Here rests Nintendo’s final arcade game.
Nintendo once produced the best of the best for the arcades, the birthplace of Donkey Kong, Mario, and… Pauline? Er… Let’s go with Luigi. Before the NES opened the gates to the Mushroom Kingdom, you could control Mario and friends for a mere quarter, and dodge barrels and turtles to your heart’s content. The hammer was the most powerful powerup available, and collecting oddly mundane items like umbrellas gradually gave way to Mario’s lifelong addiction to coin collecting.
The days of Nintendo’s arcade dominance quickly gave way to its console dominance, where duck hunting and random robots ruled. Nintendo did, at least, seem to continue producing arcade games through the life and death of the arcade, even repackaging much of the SNES launch into a pay-per-minute arcade cabinet. It may have simply been a marketing tool, but 25¢ was about 800 times cheaper than the alternative cost to ride a dinosaur and devour goombas.
Nintendo may have left the idea of original arcade content in the dust pretty quickly, but you could always see the influence it left on its console output. Mario always had an arcade style “score” through to Yoshi’s Island, and then adopted a sort of “level report card” that, in the end, was much the same thing, just with a few less zeros. Many Nintendo games, from Punch-Out to NES Tetris, featured prominent scores, and even games like Kid Icarus kept track of your “points” for a final “high score” reward. The Legend of Zelda didn’t have a score, but the way it ranked your heart containers to determine sword distribution speaks to how Nintendo was still thinking of points as a measurement as opposed to the “do you have the hookshot?” of later games.
I would say, as a result of no research greater than my own faulty memory (which is already proving to be terrible: where was the score in Super Mario Bros. 2, smart guy?), that the turning point was Donkey Kong Country, the game that changed the idea of a “score” into “percent complete”. No more could you just bop atop a respawning goomba over and over for the highest score available; no, now you must find all the concealed baubles and beads meticulously hidden in every stage (except the stages where they forgot to hide anything). The “collectathon” was born, and the only “high score” available was a flat 100% (give or take a percent or three). Want to know my high score in Super Mario 64? It’s 120 stars, probably the same as many of you. Yes, it’s possible to have individual high score coin counts on certain stages, but once you clear a hundred and earn a star, well, who cares?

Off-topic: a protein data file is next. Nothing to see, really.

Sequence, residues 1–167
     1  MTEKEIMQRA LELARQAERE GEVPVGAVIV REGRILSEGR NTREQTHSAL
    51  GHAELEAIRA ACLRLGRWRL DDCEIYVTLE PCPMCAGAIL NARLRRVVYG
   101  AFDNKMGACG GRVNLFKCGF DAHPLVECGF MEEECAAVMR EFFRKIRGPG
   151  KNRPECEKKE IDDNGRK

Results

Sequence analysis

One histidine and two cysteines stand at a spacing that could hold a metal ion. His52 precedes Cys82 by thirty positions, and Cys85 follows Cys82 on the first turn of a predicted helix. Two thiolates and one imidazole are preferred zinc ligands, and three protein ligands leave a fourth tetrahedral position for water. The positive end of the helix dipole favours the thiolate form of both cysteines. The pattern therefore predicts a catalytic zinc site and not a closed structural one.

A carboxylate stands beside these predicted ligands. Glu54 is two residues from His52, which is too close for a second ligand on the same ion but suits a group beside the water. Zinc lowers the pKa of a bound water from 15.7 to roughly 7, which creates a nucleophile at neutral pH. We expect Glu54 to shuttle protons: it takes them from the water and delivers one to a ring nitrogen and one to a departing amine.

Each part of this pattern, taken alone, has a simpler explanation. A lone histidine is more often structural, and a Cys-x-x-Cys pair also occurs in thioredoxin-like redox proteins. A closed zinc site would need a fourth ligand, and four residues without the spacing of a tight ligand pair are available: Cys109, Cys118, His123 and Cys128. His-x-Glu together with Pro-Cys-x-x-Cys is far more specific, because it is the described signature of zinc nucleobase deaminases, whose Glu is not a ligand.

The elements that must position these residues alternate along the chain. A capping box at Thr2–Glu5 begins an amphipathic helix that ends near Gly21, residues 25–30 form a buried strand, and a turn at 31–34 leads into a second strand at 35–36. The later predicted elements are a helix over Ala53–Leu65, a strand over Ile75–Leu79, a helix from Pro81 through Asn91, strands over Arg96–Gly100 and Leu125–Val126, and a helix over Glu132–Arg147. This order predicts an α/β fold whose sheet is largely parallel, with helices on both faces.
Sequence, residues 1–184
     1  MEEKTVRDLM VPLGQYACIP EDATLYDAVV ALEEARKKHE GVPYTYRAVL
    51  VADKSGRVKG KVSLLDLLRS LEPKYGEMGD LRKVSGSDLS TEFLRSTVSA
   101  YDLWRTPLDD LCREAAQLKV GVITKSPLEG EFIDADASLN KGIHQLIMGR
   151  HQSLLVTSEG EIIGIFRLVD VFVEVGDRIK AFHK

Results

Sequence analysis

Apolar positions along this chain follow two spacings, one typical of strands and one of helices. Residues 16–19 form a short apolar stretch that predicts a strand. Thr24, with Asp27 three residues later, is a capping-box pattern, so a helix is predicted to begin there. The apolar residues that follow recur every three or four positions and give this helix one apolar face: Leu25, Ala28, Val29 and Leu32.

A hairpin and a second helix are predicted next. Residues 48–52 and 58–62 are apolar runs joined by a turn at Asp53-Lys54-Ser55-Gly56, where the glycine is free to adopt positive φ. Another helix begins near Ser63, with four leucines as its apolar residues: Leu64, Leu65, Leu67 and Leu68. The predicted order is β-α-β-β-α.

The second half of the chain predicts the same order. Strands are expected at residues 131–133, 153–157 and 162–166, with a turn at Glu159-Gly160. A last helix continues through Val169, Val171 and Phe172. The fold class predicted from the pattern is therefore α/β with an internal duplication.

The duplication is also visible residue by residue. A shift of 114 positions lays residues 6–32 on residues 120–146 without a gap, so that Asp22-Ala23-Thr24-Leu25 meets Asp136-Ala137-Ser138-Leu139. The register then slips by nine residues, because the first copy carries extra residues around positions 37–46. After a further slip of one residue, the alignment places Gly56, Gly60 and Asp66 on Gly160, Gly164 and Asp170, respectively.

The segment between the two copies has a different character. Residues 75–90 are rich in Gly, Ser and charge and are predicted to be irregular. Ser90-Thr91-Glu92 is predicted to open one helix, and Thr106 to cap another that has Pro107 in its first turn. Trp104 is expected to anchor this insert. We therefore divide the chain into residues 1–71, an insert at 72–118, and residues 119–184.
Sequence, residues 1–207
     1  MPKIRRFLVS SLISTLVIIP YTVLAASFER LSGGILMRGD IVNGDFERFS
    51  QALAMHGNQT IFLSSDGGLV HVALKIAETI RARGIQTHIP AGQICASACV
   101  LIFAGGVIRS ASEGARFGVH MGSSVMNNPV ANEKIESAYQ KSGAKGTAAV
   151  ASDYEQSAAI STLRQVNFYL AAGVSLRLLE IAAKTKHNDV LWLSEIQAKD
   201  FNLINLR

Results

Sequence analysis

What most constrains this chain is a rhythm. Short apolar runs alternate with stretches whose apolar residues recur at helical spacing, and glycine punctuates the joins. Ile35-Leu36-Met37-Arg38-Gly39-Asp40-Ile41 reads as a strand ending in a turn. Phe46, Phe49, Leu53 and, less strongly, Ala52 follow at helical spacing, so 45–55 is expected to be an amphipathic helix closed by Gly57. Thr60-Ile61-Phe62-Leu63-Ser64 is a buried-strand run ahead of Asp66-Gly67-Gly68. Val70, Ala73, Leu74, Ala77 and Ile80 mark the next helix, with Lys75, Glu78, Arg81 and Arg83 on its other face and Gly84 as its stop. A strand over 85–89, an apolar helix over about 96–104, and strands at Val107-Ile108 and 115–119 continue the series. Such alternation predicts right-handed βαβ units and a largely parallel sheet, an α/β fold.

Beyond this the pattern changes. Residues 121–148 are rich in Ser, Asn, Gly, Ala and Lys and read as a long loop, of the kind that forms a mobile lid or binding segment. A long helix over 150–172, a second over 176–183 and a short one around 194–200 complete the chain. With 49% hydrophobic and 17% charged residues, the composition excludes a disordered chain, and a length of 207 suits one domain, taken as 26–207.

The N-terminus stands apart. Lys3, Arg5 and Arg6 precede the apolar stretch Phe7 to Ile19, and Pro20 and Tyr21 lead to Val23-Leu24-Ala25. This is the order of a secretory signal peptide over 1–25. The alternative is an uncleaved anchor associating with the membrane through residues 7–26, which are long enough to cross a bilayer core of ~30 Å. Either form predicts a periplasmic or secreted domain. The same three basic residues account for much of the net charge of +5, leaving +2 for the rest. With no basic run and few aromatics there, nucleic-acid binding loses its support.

And it’s straddling this fine line between “high score” and “completion” that we find Yoshi’s Story. Yoshi’s Story had an uphill climb from it’s very inception, as it had the unenviable task of competing with, and hopefully innovating on, its predecessor Yoshi’s Island, a game so good and timeless that I just had to retype the start of this paragraph as I had been reflexively typing “Yoshi’s Island” instead of “Yoshi’s Story”. Even when it was new, Yoshi’s Island clearly presented itself as another genre defining SNES release, like Super Metroid, Kirby Super Star, or the previously mentioned Donkey Kong Country. Now, Nintendo had to produce its direct sequel on a system that was built for the exact opposite of everything that made Yoshi’s Island memorable. In response to this mounting pressure, Nintendo made the decision to go completely insane.
Let’s be clear here: Yoshi’s Story is a collectathon in the vein of its immediate prequel and Donkey Kong Country. Yoshi’s goal in every level is to collect thirty melons amidst the obstacle course that is every stage. This is not dissimilar from collecting every last red coin in Yoshi’s previous adventure, but with one terrible difference: every metaphorical yellow coin “counts”. Yes, Yoshi’s top goal is to collect thirty melons, but Yoshi will complete the level after collecting thirty of any fruit, whether it be melon, grape, banana, or pepper (which, if you’re unaware, is a fruit, due to the way its seeds work. Related, eggplants are berries for some reason). So Yoshi’s goal is to collect only the best fruit for only the best score, and screw your natural video game honed reflexes to collect every single fruit. This sounds like a neat concept in theory, but in practice, everyone’s first impulse is to grab everything they see, which will lead to a level being completed in, roughly, two minutes. Keep this up through the six available worlds, and Yoshi’s Story can be completed, easily, in less than an hour.